Studying particle physics I had a doubt that I can't seem to find a solution:

Is possibile in a particle decay to produce some particles with no momentum?

As an example: take the following decay

$$\Upsilon(4S) \rightarrow B+\overline{B} $$

where the particle $\Upsilon (4S)$ is produced by the collision of an electron an a positron beam with different energies (such as in the BaBar experiment), so that $\Upsilon(4S)$ is produced with some momentum.

Or as another example the three body decay

$$K^+ \rightarrow \pi^0 + e^+ + \nu_e $$

where $K^+$ has some momentum. Would it be possible in the laboratory frame to produce the $\pi^0$, for example, with no momentum?

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    $\begingroup$ In some frame, a product with momentum will have none: its rest frame. $\endgroup$ May 1, 2019 at 17:51
  • $\begingroup$ @CosmasZachos Yes, that's clear. But maybe I didn't make it clear: I want to know if in the laboratory frame could be possible! $\endgroup$ May 1, 2019 at 18:09
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    $\begingroup$ What is so special about the lab frame? go to the rest frame of the pion, Lorentz transform the decaying Kaon, and you have a magic lab frame such that.... $\endgroup$ May 1, 2019 at 18:22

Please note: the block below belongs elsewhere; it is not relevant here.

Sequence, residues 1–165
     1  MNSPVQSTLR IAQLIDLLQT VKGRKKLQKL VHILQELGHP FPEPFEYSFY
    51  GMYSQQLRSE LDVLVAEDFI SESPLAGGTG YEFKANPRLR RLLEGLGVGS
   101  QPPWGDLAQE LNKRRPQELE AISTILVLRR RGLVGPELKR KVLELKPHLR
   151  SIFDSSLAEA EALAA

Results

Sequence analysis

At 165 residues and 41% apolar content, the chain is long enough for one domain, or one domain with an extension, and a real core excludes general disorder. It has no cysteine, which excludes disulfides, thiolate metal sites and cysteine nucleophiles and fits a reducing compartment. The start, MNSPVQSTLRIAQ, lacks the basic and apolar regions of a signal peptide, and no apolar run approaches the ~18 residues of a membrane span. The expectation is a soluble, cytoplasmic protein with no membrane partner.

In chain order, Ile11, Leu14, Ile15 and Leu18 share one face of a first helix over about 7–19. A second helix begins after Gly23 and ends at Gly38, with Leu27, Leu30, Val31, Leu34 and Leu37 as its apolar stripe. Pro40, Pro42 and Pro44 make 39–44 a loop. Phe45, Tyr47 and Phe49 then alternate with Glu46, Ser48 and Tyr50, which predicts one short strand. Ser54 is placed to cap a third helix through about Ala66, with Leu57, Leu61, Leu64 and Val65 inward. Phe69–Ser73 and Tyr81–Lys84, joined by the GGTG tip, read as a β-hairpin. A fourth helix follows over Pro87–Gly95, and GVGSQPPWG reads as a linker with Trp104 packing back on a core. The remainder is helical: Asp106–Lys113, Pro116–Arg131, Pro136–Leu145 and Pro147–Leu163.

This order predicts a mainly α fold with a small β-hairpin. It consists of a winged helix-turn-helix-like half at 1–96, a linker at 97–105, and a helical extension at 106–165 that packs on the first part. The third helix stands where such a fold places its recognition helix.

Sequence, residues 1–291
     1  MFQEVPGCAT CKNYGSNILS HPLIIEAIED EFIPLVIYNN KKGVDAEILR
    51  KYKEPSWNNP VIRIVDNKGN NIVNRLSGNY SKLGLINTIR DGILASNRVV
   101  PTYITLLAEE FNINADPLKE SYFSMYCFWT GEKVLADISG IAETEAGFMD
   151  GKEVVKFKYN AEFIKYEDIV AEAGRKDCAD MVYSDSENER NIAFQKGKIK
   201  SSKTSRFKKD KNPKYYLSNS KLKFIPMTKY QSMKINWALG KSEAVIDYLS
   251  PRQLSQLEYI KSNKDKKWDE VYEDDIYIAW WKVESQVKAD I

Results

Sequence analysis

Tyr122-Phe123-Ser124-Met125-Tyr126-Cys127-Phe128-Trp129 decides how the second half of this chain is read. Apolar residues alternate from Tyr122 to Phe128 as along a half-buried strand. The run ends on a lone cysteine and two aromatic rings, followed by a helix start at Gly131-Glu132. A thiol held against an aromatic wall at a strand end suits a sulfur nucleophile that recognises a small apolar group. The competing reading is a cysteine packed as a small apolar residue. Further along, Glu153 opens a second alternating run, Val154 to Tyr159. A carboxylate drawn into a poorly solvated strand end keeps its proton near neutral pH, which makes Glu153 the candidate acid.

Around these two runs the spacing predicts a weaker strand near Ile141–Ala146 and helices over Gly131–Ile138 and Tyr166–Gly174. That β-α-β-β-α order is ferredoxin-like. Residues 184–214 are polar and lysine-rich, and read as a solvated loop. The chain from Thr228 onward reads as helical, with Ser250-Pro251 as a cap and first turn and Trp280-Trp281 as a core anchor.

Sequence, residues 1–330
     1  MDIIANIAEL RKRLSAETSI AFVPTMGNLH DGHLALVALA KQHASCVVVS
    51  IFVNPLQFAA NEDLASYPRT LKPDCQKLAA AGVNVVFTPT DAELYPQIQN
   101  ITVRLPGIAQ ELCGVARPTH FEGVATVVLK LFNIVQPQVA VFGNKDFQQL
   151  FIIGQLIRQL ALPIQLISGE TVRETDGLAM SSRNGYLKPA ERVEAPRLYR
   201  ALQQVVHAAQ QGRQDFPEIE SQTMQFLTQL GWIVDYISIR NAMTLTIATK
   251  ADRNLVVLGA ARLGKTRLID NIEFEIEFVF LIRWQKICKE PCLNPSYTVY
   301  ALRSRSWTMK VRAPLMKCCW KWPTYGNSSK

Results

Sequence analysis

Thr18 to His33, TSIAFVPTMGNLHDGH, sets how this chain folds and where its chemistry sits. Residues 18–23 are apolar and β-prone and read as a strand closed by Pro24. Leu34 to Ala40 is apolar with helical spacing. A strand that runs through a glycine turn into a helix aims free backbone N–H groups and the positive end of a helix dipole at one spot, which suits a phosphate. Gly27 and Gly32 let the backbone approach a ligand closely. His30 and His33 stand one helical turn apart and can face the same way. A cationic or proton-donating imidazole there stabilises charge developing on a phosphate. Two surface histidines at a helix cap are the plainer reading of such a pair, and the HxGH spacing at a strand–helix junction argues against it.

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    $\begingroup$ "What is the minimum lab frame momentum of the kaon such that the pion cannot be produced at rest in the lab?" would be a suitable homework question for a upper-division course in particle physics (for graduate students it would be a warm-up question.), and it thinking about it in those terms might give you a hint. $\endgroup$ May 1, 2019 at 19:29

1 Answer 1


Suppose you have a proton of energy E hitting another proton. The result is 3 protons and an anti-proton. What is the minimum energy for this to happen?

The answer is 7 times the rest energy of a single proton. But why?

Also consider why pair production doesn't happen in a vacuum even though its always energetically permitted.

  • $\begingroup$ Thanks, I'll think about that! $\endgroup$ May 2, 2019 at 9:14

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